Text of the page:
The Absolute Bose: a silly non-political essay (or two)

Consider the following statements about stereo systems:

  1. A good stereo system should reproduce the recorded material as faithfully as possible.
  2. A good stereo system should make beautiful music.

If you don’t see a difference between the two, you’ll find this “essay” completely meaningless. And if you’re in Camp Two, you’re a target reader for The Absolute Bose, my sort-of mocking name for one of the two stereo magazines I currently read. (I’ve read/subscribed to many over the years; unfortunately, falling subscriber counts and consolidation have reduced the “mainstream” choices to one magazine, and I finally gave up on Sound & Fury–not the real name–after a change in editor and the strange decision that audio gear shouldn’t be measured but video gear should left me feeling like it was a waste of time.)

I use the name The Absolute Bose advisedly, as it’s becoming increasingly clear that (most, not quite all, of) the writers regard “musicality” as preferable to accuracy. Some of them are blunt: at least one reviewer has flat-out stated that an amplification system needs to have a certain amount of “second harmonic”–leaving out that nasty word “distortion”–to make pretty music. But there are lots of other indications–a belief that tube equipment is always better than solid-state, a belief that vinyl is *inherently* superior to digital (even when the LP was actually cut from digital sources, with the digital version being readily available, the LP is “more musical”), etc., etc.

The abbreviation ED springs to mind, but not the problem many older men have. No, this is euphonic distortion: changes in the original signal that make the music prettier. If anybody tells you that a recording or speakers or digital source is bad because real music doesn’t have “edges”…well, that’s ED. Real music does have edges at times. {When I put my very good hearing aids in in the morning, I’m reminded that the world is a noisy place, and some of the noise is, well, scratchy and unpleasant.]

I find TAB amusing in some ways. The mag has two demigods, call them Roha and Jova, who both have superhuman hearing and discriminatory capabilities, and apparently limitless funds. The mag seems to pay by the word, and Jova’s reviews (pretty much always raves, as are almost all reviews on TAB) use two-thirds of a page for an exhausting, er, -ive list of his many reference components, even those having no relevance to the review–apparently it’s important to be reminded that Jova is the King of Component Excess. On the other hand, Roha is known to smite those who belittle TAB’s infinite wisdom with hard-hitting editorials. And multipage feature reviews, with lots of pretty pictures, that feel a bit like audioporn sometimes.

TAB doesn’t do measurements.

TAB uses lots of descriptive language, with lots of terms that mean whatever the writers want them to mean. Most TAB writers appear to have perfect hearing and uncanny abilities to describe what most folks might think of as trivial or nonexistent differences as major, breathtaking, whatever. I believe most of the men (all men?) are middle-aged or older, but apparently none of them have the usual hearing losses the rest of us tend to.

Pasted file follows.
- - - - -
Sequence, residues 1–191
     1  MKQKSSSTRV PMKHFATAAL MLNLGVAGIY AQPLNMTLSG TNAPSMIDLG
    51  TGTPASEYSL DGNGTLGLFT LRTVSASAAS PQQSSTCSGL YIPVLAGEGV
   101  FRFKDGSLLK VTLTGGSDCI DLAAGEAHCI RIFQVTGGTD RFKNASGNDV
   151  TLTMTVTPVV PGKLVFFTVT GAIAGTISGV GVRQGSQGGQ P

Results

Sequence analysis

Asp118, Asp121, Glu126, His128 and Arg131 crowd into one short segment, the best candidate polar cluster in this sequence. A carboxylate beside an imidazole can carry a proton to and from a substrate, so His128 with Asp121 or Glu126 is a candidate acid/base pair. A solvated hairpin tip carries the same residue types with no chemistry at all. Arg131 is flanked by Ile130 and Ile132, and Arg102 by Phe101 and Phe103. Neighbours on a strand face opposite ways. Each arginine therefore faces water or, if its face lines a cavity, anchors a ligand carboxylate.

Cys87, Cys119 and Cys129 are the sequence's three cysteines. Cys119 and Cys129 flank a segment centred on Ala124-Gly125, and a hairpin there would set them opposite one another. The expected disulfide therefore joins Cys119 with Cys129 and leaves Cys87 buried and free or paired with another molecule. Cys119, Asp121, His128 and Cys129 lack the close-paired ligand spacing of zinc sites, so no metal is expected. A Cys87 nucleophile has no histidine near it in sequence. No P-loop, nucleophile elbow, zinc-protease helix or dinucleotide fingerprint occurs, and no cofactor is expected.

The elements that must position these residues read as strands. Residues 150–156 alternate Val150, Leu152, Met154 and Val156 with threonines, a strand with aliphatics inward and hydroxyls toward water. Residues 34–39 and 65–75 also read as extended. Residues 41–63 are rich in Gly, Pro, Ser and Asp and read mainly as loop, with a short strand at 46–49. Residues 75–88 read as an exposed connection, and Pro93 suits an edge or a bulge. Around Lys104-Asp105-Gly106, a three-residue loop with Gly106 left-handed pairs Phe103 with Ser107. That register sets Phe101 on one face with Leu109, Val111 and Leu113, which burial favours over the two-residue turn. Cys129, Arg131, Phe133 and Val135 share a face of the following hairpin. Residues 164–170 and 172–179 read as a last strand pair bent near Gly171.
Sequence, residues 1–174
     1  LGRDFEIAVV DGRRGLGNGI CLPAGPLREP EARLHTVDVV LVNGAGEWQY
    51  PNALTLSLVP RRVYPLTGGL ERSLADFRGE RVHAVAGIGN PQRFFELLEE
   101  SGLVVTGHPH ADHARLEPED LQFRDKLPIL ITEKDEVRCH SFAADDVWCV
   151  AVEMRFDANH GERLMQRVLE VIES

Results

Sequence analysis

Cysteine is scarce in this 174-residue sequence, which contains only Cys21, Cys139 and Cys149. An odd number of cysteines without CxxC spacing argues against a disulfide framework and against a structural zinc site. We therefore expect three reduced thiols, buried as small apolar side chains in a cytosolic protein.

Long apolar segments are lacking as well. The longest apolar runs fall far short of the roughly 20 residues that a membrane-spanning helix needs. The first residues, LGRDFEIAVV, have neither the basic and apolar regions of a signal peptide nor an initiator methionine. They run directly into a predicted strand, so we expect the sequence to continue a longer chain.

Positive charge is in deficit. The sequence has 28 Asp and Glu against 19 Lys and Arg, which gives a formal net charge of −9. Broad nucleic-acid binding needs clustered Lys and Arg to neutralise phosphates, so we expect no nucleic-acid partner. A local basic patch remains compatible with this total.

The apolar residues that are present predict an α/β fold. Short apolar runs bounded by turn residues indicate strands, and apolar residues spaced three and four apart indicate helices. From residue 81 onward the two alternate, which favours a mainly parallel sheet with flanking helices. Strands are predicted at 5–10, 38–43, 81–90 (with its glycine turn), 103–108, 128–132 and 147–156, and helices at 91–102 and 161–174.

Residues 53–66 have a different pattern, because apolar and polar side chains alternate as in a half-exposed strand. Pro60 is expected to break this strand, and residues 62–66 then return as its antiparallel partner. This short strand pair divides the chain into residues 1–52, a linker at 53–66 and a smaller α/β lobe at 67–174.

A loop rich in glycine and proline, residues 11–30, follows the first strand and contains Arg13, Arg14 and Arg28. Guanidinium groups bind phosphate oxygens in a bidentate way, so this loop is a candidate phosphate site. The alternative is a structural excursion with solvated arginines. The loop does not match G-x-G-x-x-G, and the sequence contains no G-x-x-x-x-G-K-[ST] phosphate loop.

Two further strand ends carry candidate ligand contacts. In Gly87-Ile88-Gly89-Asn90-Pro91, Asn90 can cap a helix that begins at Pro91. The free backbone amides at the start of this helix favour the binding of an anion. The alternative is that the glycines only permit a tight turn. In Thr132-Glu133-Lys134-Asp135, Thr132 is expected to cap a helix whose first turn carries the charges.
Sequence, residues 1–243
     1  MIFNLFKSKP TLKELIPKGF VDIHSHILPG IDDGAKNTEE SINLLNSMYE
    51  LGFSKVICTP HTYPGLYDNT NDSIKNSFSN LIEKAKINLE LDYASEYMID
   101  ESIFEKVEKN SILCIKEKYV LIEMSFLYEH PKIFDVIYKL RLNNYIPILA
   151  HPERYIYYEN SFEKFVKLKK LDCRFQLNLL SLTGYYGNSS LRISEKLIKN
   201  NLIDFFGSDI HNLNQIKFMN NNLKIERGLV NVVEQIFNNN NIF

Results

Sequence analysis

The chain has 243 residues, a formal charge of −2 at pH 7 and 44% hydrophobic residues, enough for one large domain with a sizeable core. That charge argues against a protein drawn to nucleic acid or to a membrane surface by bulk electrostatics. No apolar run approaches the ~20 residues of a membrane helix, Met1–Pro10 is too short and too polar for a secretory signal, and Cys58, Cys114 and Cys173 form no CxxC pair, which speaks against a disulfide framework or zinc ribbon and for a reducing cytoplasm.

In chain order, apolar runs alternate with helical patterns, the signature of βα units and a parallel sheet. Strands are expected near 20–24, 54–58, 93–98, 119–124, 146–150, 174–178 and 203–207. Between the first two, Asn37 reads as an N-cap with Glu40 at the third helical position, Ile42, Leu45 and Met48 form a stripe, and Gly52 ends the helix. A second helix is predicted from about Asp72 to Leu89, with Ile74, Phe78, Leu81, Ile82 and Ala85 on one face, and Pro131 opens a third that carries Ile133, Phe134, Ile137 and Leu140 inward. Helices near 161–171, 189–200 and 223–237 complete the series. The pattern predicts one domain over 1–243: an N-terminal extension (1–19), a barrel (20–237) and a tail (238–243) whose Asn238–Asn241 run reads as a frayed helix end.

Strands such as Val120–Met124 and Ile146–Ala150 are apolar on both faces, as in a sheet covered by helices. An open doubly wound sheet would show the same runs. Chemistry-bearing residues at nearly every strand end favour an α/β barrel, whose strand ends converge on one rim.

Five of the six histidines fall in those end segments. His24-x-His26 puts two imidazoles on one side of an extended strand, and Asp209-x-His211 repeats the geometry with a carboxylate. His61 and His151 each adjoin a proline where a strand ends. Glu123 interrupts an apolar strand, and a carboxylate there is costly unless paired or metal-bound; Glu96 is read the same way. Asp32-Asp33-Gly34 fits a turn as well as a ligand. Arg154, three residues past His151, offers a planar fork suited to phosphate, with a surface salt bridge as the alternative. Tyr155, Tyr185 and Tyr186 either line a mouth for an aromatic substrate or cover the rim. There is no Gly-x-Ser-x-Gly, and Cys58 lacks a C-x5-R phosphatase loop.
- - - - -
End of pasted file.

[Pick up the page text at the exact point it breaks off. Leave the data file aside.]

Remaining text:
About hearing: I do not doubt that the reviewers, including Roha and Jova, hear what they claim to hear. I don’t doubt that because, after all, hearing is not what comes into one’s ears: It’s what the brain makes of them, including all the non-auditory factors that affect any brain activities. I think it it possible, even likely, that some of the distinctions that these writers so clearly hear may not actually exist as measurable differences in sound waves, but after all, TAB doesn’t do measurements.

Do I find it a bit odd that Roha editorializes that the tiny (if existent) “improvements” bought about at huge expense in refining a system are actually more significant because they get you that teeny bit closer to The Absolute Bose? Sure, but that’s me. Am I envious? Not really. We’re not poor–but our sound systems suit our needs just fine. (My personal “system” cost about $400 total; our weekend system is still three-digits, but higher. I used to have a four-digit system, five digits including source material, when I was spending a lot more time listening to music. I find that I can’t really write or read while actually listening to music, and that I’m not much for background music, so…)

I could cancel my subscription to TAB, but it has its uses as an example of, well, whatever (and the multiyear subscription was so cheap–after all, it’s the advertisers who are really paying the bills–that it’s pointless). I could wonder about priorities involved in seven-digit systems that probably “need” six-digit upgrades/refinements each year, and wonder how much these superpurists spend on recordings or live music, but it’s their money (and I assume they give to good causes, or at least can hope

I realized what I actually felt about TAB and its writers, maybe as I’m going through their annual buyer’s guide and reading about how much five-digit audio cables and four-digit replacement power cords (I AM NOT MAKING THIS UP!) will improve your six-digit or seven-digit sound system:

Sadness or pity. That’s what I feel. Sadness that people who apparently have the time to pay that much attention to music appear to focus most of their resources and attention on tweaking their sound systems, not enjoying a world of music on what might be only 99.9%-outstanding gear.

[That’s part one. Part 2, if there is one, will quantify just how much this all can cost.]

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